Subduction zones - the Trans-Mexican Volcanic Belt

The Trans-Mexican Volcanic Belt (TMVB) stretches 1,000km along the southern edge of the North American plate, generating a wide range of igneous products and processes.

The TMVB is an active continental arc that formed around 11 million years ago. The variable composition of its igneous products and volcanic style make the TMVB a particularly interesting subduction zone to study.

Previous TMVB research has identified:

  • bimodal (basalt-rhyolite) magmatism and peculiar adakitic rocks, which may relate to melting of the subducting slab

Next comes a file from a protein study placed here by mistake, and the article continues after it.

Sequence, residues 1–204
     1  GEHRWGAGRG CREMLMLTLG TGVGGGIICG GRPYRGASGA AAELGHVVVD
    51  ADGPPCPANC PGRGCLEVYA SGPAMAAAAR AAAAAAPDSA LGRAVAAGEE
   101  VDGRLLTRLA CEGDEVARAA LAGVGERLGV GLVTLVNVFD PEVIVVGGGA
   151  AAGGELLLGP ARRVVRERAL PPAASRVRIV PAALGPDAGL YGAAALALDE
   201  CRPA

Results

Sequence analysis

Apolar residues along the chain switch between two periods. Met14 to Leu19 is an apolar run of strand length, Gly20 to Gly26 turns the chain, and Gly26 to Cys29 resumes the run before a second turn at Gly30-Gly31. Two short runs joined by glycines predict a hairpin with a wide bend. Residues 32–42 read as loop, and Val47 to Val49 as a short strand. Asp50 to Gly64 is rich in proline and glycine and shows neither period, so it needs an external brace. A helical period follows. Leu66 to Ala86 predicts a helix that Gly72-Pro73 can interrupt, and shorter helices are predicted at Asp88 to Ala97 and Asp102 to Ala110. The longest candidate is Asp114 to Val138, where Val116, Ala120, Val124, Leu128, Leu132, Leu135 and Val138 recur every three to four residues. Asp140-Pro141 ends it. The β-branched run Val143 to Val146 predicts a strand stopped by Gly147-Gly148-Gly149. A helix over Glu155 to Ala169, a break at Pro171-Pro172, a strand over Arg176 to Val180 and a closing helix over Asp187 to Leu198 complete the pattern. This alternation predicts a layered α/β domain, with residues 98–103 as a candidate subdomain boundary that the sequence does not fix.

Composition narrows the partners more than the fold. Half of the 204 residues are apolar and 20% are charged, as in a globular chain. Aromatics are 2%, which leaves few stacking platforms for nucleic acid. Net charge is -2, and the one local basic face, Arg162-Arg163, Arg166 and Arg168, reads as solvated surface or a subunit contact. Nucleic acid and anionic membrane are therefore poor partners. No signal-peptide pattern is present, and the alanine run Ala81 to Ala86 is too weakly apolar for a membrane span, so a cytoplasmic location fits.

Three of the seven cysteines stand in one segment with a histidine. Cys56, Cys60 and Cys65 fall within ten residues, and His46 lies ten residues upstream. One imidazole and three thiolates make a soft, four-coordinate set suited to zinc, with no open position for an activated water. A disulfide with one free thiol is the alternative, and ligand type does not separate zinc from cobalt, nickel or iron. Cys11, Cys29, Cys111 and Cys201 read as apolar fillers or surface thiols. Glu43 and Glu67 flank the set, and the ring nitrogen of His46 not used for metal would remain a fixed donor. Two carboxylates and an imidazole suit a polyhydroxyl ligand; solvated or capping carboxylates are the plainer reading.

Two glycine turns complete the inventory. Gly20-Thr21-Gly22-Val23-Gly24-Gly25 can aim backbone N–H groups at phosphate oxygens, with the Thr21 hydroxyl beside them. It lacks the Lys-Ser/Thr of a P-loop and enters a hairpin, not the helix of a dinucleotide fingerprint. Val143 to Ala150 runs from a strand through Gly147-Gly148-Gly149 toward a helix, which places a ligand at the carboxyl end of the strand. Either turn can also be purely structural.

• co-existence of alkaline intra-plate-type magmatism along with the typical arc-related magmatism 

Read more about TMVB magmatism (PDF 1.0 MB)
Is there any evidence for slab melt?

Our current research projects include:


Subduction zone
A tectonic plate boundary where one oceanic plate moves beneath another plate. Often associated with volcanoes, earthquakes and mountain building.

Continental arc
A chain of volcanoes formed above a subduction zone.

The formation of igneous rock from the cooling and solidification of magma.

Silica-rich igneous rocks formed in subduction zones, characterised by high strontium/yttrium ratios and low yttrium and ytterbium content.